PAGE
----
Dated: July 11, 2017 Respectfully submitted,

/s/ Anand Agneshwar

Anand Agneshwar

ARNOLD & PORTER KAYE SCHOLER LLP

250 West 55th Street

New York, NY 10019-9710

Telephone: (212) 836-8011

Fax: (212) 836-8689

Miguel A. Estrada (D.C. Bar No. 456289)

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GIBSON, DUNN & CRUTCHER LLP

1050 Connecticut Avenue, N.W.

Washington, D.C. 20036-5306

Telephone: (202) 955-8257

Fax: (202) 530-9016

Thomas J. Frederick

WINSTON & STRAWN LLP

35 West Wacker Drive

Chicago, Illinois 60601-9703

Telephone: (312) 558-6700

Fax: (202) 558-5700

Attorneys for Defendants Altria Group, Inc. and Philip Morris USA Inc.

Peter J. Biersteker (D.C. Bar No. 358108)

JONES DAY

51 Louisiana Avenue, N.W.

Washington, D.C. 20001-2113

Telephone: (202) 879-3939

Fax: (202) 626-1700

Jeffrey A. Mandell (D.C. Bar No. 999791)

STAFFORD ROSENBAUM LLP

222 West Washington Avenue, Suite 900

Madison, Wisconsin 53703

Telephone: (608) 256-0226

Fax: (608) 259-2600

Geoffrey K. Beach (D.C. Bar No. 439763)

WOMBLE CARLYLE SANDRIDGE & RICE, LLP

One West Fourth Street

Winston-Salem, NC 27101

Telephone: (336) 721-3600

Fax: (336) 721-3660

Attorneys for Defendant R.J. Reynolds Tobacco Company (individually, as successor in interest to Brown & Williamson Tobacco Corporation, and as successor to Lorillard Tobacco Company)

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Case 1:99-cv-02496-GK Document 6211 Filed 07/11/17 Page 7 of 8

Robert J. Brookhiser, Jr. (D.C. Bar No. 202168)

Elizabeth B. McCallum (D.C. Bar No. 451361)

BAKER & HOSTETLER LLP

1050 Connecticut Avenue, N.W.

Washington, D.C. 20036-5304

Telephone: (202) 861-1500

Fax: (202) 861-1783

Attorneys for Post-Judgment Parties Regarding Remedies ITG Brands, LLC, Commonwealth Brands, Inc. and Commonwealth-Altadis, Inc.

JOSHUA WILKENFELD, Acting Director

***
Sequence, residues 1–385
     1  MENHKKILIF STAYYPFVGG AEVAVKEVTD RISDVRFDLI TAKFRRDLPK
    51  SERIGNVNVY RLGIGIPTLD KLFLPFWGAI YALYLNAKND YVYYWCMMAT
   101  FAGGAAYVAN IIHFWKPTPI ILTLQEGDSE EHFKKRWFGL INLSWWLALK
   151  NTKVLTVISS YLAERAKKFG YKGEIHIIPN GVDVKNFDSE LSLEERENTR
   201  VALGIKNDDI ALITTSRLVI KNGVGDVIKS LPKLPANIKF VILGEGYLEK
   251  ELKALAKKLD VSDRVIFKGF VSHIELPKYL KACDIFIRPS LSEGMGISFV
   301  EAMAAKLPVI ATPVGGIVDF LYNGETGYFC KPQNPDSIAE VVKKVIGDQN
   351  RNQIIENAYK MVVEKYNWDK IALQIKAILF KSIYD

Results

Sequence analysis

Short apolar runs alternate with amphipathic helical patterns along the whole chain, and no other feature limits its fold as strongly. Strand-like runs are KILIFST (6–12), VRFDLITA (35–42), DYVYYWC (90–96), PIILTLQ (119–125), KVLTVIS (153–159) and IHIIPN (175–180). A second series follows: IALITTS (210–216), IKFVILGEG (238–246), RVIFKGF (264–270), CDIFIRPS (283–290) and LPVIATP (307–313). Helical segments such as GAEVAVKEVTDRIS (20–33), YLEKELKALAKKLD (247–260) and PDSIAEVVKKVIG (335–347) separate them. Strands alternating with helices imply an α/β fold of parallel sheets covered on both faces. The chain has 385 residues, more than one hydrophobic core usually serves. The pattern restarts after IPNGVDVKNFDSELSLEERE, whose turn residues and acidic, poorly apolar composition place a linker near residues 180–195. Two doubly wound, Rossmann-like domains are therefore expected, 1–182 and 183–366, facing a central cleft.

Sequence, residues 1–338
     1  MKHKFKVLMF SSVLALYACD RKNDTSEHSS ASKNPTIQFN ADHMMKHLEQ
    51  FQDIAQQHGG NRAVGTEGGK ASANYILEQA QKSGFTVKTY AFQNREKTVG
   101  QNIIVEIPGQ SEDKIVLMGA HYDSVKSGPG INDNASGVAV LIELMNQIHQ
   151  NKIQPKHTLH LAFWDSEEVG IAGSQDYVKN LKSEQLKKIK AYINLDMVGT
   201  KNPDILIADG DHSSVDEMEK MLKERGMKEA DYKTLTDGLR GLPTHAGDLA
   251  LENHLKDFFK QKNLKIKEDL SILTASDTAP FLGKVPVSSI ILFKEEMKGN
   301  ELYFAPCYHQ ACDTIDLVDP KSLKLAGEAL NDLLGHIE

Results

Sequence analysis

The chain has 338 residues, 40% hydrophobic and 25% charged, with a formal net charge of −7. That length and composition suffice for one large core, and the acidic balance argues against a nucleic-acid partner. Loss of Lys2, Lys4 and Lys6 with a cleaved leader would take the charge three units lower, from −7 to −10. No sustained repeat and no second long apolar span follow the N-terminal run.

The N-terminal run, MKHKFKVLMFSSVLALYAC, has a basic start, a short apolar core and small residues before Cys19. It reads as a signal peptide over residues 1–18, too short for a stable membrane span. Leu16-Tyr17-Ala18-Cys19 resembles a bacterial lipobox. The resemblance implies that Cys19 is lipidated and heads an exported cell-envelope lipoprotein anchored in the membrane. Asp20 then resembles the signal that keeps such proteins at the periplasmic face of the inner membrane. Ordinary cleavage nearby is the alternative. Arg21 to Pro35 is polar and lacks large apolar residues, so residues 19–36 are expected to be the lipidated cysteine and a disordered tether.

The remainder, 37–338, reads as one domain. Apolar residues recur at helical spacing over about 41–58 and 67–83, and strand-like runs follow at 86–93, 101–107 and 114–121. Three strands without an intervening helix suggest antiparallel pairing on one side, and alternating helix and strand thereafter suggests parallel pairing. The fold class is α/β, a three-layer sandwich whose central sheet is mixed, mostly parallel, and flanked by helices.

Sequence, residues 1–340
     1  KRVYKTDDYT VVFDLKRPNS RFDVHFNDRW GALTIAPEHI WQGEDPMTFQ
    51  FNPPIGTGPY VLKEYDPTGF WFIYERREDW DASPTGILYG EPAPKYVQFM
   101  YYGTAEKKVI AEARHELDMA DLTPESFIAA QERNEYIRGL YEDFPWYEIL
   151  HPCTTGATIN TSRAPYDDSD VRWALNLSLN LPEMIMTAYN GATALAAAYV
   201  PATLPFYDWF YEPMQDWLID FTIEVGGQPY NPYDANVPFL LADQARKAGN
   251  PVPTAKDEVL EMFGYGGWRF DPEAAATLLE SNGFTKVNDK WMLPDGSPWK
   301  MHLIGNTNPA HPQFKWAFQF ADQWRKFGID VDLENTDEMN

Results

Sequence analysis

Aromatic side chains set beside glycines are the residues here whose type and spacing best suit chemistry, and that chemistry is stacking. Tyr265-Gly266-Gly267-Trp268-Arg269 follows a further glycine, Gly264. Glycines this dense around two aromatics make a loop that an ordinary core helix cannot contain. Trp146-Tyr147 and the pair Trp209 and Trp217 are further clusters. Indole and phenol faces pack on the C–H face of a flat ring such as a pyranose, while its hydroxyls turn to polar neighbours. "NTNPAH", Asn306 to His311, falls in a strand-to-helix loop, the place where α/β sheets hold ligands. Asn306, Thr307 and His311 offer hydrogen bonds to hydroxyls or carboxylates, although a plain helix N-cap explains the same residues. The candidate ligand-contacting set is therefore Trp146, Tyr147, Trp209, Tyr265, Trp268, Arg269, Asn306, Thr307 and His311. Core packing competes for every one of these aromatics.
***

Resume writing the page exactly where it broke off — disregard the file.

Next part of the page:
ANDREW CLARK, Assistant Director

Consumer Protection Branch

___/s/_____________________________

DANIEL K. CRANE-HIRSCH

Trial Attorney

Civil Division

United States Department of Justice

PO Box 386

Washington, DC 20044-0386

Telephone: 202-616-8242 (Crane-Hirsch)

Facsimile: 202-514-8742

E-mail address:

daniel.crane-hirsch@usdoj…

Attorneys for Plaintiff United States of

America

____/s/_____________

Katherine A. Meyer (D.C. Bar 244301)

MEYER GLITZENSTEIN & EUBANKS LLC

4115 Wisconsin Ave., N.W. Suite 210

Washington, DC 20016

202-588-5206

meyer@meyerglitz.com

Attorneys for the Public Health

Plaintiff-Intervenors

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Case 1:99-cv-02496-GK Document 6211 Filed 07/11/17 Page 8 of 8

CERTIFICATE OF SERVICE

I HEREBY CERTIFY that on July 11, 2017, I filed a copy of the foregoing, which will electronically serve all counsel of record who have entered an appearance in this case.

Dated: July 11, 2017 Respectfully submitted,

/s/ Anand Agneshwar

Anand Agneshwar

ARNOLD & PORTER KAYE SCHOLER LLP

250 West 55th Street

New York, NY 10019-9710

Telephone: (212) 836-8011

Fax: (212) 836-8689

Attorney for Defendants

Altria Group, Inc. and Philip Morris USA Inc.